No, FNites. We did not get the title wrong, although we couldn’t believe it at first either. But the truth is as plain as day. According to Prevention.com, people may actually be more stressed when they’re at home.

Researchers observed the stress levels of 122 participants by studying their saliva samples, and found that their levels of the stress hormone cortisol may be more likely to spike when at home than at work. The same results hold up even in those who don’t have children. Interestingly enough, interviews with the volunteers revealed that they felt more stressed out during workdays than non-workdays.

Study co-author and Penn State sociologist Sarah Damaske, PhD, believes that there is a simple explanation for the unexpected results. Referencing studies which associate steady jobs with improved mental and physical health, she explains that the sense of satisfaction people get from fulfilling professional obligations, as opposed to equally important but seemingly insignificant tasks at home, may play a factor in decreasing work stress.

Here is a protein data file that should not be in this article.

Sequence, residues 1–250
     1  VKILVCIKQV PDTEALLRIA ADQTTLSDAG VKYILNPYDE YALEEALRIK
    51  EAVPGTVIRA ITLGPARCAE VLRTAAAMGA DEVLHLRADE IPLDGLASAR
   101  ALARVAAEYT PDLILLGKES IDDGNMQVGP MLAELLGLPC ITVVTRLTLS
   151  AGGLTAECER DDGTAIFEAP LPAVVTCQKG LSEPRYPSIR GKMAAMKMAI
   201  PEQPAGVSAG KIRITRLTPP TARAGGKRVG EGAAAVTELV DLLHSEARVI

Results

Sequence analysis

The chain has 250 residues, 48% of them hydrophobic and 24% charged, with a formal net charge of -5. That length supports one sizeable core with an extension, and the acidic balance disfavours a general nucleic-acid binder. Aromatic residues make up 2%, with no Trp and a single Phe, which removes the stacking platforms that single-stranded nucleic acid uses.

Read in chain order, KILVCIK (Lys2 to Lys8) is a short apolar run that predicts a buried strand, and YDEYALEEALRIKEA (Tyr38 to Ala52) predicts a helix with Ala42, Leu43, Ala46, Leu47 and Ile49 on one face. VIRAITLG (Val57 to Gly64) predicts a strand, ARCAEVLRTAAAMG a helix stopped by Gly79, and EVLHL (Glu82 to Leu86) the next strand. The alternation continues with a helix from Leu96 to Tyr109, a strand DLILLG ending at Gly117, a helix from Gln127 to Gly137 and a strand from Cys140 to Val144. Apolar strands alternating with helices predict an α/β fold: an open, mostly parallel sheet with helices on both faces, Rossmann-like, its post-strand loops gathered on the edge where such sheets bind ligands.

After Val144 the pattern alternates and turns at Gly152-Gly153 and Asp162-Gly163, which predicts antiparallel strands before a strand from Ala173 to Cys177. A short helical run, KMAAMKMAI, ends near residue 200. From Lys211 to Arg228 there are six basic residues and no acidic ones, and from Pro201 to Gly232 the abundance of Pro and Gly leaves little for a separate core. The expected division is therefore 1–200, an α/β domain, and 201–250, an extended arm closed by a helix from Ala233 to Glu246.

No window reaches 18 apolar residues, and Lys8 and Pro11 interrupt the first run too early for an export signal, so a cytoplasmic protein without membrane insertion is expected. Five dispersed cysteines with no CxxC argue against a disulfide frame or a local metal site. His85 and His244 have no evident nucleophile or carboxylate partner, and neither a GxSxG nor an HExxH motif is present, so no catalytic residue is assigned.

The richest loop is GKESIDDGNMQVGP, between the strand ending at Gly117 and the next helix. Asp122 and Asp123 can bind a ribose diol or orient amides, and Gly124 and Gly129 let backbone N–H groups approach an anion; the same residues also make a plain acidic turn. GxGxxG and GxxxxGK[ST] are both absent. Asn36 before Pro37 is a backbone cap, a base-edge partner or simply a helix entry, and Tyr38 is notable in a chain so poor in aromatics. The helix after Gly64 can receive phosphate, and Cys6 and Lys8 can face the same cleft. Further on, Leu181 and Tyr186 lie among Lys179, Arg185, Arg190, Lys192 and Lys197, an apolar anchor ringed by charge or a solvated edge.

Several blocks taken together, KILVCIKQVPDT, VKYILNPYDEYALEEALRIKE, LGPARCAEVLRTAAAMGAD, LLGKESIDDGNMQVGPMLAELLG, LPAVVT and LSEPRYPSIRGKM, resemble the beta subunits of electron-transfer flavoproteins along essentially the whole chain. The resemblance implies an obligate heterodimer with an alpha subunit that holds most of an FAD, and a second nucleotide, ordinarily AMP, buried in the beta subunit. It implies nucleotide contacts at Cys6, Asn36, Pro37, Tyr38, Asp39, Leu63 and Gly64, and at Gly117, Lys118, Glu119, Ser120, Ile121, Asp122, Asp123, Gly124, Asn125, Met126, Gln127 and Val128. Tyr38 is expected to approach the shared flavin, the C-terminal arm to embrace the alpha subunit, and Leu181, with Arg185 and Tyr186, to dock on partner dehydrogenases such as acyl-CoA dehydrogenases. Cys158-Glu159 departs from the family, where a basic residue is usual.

Dealing with stress can be difficult, but Sarah says that the best way to lower your cortisol levels, whether in or out of the office, is to be more flexible. Being able to make time for both your boss and your family is really the key to keeping stress at bay.

(Photo by Rach via Flickr Creative Commons)


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